Allow the user to login but restrict what they are able to do while logged in during this session. This applies to medium Login Risk Score attempts. In the event it is the real user the organization does not want to introduce friction, but also wants to limit potential risk. Restrictions can include requiring the user to re-enter payment card details but not used stored payment credentials, allowing access to check balances but not make any transfers, and not allowing account changes like providing a new email address or changing their password. It may be the a form of step-up authentication is introduced should the user attempt a restricted action. 

Present a form of step-up authentication or additional protection layers. This can apply to medium-low or medium-high Login Risk score attempts, with different step-up measures leveraged based on the level of perceived risk. For lower risk login attempts where there is some suspicion, it may be that the organization chooses just to send a Consumer Alert. For low-to-medium risk login attempts an organization may want to require the user to answer security questions. The level and type of step-up measures is also contingent on the type of organizations. Banks, for example, have a lot more sensitive information to protect behind a login. Banks, social media companies and other organizations may require the user to pass two-factor authentication (2FA) or complete a Knowledge Based Assessment (KBA).


Login Risk Scoring vendors use proprietary models, rules and/or other systems to assess the level of risk associated with a user login attempt.

Allowing any user to login simply by providing their correct password just doesn't cut it anymore. Data breaches are a seemingly daily occurrence the amount of login credentials for sale on the darkweb is astounding. Not only are compromised login credentials widely available, but they are inexpensive. Fraudsters will pay more for banking credentials with a cost that is correlated with account balances, but there are also email and password combinations sold in bulk for fractions of a cent.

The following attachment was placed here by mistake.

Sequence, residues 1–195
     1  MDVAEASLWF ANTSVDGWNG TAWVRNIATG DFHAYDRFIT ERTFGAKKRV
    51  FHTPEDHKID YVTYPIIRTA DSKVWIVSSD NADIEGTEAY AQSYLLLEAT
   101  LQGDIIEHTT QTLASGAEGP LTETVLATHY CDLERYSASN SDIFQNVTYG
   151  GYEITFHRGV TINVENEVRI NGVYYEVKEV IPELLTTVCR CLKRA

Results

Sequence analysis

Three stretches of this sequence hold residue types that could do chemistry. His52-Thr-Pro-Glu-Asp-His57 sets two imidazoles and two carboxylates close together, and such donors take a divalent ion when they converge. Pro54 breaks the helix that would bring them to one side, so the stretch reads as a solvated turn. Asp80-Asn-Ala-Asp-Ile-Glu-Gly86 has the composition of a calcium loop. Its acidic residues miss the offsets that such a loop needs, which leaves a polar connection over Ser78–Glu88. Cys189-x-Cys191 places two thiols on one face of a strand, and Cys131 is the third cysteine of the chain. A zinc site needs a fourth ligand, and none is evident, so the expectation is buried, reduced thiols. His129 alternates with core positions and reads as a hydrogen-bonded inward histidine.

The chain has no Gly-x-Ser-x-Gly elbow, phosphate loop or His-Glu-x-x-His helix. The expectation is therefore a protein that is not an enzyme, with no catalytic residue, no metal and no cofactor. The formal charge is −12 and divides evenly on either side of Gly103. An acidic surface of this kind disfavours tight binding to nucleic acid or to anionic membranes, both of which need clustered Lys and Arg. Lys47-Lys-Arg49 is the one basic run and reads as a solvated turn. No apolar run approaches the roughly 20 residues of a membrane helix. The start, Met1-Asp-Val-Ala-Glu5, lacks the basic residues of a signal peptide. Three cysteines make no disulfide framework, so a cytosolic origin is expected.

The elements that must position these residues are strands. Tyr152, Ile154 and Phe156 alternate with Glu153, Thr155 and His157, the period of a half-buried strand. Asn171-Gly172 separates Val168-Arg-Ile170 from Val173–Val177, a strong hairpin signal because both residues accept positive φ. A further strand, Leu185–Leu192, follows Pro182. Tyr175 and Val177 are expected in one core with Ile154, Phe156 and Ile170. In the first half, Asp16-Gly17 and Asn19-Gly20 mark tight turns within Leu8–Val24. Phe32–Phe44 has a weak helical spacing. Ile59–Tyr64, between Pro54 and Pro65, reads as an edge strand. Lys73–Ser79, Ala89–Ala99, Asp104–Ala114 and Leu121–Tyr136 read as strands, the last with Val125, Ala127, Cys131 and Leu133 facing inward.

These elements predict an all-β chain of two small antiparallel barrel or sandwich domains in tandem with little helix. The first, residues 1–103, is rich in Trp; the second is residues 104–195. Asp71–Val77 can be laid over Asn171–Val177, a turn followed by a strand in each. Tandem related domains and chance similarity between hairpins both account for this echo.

This puts organizations in a predicament. Limiting friction and providing a strong user experience must be balanced with protecting the information and/or funds behind a user's account. Login Risk Scoring provides an economical way to include a variety of techniques and risk checks while providing a numeric response that indicates the level of risk associated with the combination of all high and low risk signals measured.

Organizations can use the Login Risk Scoring results to determine how to handle an account login event, and this doesn't have to be a binary decision. Users can be allowed to login to an account but not given full access. Users can be allowed to login but simultaneously sent an email or SMS text message validating it is them.

For higher risk login attempts, organizations can simply deny access and potentially blacklist a known bad data point. Alternatively, they can implement various step-up authentication measures to validate the user. This strikes a balance where not all users are subject to two-factor authentication or security questions on every login attempt, but the organization can present these additional hurdles when deemed necessary.



Alternative Solutions - Some modeling and analytics service providers offer capabilities to apply risk models at login events.

Building this In-House - Organizations could use a rules or modeling based scoring system to apply a series of techniques and derive risk signals the login event.

Estimated Cost - Services are typically charged on a per login attempt basis, or every time a score is provided. Cost per event is tiered to volume, and may include a set number of score responses per month at a given base cost.

Sample Vendors - Deduce, Kount